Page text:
While some expats look for a low cost of living, business-minded individuals may choose a destination for its tax benefits. Regardless, personal preference plays a big part.
Nonetheless, there are many countries that naturally appeal to expats, be it down to their laws, culture or established expat communities.
If you’re looking to move abroad in 2017, here are the top ten countries to consider:
Spain maintains its position as the most popular European country for British expats to move to, with almost 400,000 Britons now calling sunny Spain their home.
And it’s no wonder why – with its favourable climate, delicious food, charming locals and laid-back lifestyle, expats residing here are really living the high life!
The World Health Organisation has also recommended the country as a “near perfect environment that’s almost impossible to obtain”. Coupled with its healthy Mediterranean diet, it’s no wonder that the Spanish have an average life expectancy of 81.75 years (the UK’s is 80.77).
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If you want to leave Europe altogether, then the sunny land down-under is waiting for you. In fact, Australia is the most popular destination in the whole world for British expats to relocate to, boasting a population of 1.3m British nationals.
So what makes it so special, apart from its beaches and summer Christmases?
For starters, Australia has a very sustainable and well-built healthcare system, known as Medicare, which is free and universally available for residents, and is funded by tax and the central government.
While moving costs and property are expensive (and the visa process can be difficult), it’s a small price to pay for paradise!
50 years ago, Singapore was a small-island nation located in Southeast Asia. It wasn’t an economic power or a global hub for business and expats. In fact, much of it was swamp and jungle.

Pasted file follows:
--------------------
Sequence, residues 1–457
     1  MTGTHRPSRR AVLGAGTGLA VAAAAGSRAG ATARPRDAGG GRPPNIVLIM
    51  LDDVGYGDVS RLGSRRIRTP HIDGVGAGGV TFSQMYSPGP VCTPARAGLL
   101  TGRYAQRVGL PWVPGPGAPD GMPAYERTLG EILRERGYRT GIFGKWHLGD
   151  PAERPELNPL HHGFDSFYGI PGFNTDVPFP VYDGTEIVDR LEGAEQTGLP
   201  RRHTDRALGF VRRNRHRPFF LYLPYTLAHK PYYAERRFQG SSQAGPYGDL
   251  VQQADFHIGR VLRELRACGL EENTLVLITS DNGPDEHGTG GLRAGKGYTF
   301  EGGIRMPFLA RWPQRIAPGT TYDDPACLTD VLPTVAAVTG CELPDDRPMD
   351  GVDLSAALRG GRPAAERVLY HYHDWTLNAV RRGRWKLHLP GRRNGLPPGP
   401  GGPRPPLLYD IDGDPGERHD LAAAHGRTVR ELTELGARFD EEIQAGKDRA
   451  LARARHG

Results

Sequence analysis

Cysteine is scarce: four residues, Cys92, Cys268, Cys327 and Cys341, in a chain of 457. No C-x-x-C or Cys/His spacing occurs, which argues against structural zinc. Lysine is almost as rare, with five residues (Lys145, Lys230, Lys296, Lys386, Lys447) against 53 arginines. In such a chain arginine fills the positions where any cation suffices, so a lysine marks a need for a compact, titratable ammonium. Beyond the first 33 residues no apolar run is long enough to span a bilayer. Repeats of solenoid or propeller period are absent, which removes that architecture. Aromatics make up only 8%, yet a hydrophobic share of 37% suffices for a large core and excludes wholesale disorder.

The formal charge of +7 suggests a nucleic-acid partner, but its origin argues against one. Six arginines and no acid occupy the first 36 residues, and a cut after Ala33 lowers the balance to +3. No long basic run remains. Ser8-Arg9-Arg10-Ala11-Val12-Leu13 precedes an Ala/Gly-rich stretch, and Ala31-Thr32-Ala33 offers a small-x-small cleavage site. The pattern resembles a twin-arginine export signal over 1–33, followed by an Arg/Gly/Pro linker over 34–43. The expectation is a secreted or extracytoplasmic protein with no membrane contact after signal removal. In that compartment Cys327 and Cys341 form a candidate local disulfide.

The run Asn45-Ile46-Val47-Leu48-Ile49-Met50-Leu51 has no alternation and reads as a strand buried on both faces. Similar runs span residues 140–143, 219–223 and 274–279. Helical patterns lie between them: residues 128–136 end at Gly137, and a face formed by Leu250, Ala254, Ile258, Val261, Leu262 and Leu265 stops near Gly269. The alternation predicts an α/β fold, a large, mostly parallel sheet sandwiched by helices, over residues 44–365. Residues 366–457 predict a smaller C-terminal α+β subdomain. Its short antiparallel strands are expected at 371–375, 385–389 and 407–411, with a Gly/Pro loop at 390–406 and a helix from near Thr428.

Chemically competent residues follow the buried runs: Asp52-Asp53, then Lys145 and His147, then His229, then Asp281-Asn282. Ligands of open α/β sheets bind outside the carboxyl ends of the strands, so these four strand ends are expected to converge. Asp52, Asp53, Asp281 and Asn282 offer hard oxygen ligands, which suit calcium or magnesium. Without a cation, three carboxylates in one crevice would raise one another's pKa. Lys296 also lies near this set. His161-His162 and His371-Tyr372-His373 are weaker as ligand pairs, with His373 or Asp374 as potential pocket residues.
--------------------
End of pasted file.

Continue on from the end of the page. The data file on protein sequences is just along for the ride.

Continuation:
Fast-forward to 2017, and skyscrapers have emerged, with Singapore’s skyline rivalling any major city on Earth – it also boasts fantastic healthcare and business opportunities.
Singapore also has a thriving expat population, with over 45,000 British nationals calling the island home. Many expats relocate for the high wages, enviable education system and premium quality of life – although living in Singapore can be relatively expensive.
Some Brits may initially be put off by Norway’s arctic climate, but the country is a wonderful place to live. Not only does it have one of the lowest crime rates in the world, it is also one of the happiest places on earth, according to the National Happiness Index, where Norway came 12th.
Most locals speak excellent English, so expats are unlikely to experience many language barriers. And with over 15,000 Brits calling Norway home, you’ll have a sizeable expat community to help you settle in.
With 80% of the nation’s population born overseas, the United Arab Emirates (UAE) is an expat’s paradise. 20 yeas ago, however, Dubai was a very different place – a sparse desert with not a mega-mall or luxury hotel in sight.
Fast track to today, and you’ll be greeted with a skyline featuring some of the world’s tallest towers, including the Burj Khalifa, sitting at a whopping 163 storeys high.
Expats relocating to the UAE can likely expect a generous salary, as the UAE offers expat salary packages that are among the highest in the world. And the cost of living isn’t bad, at over 5% lower than the UK.
However, rent prices are significantly higher, with homes costing a huge 93% more than in the UK. Thankfully, the higher income offsets the high cost of property.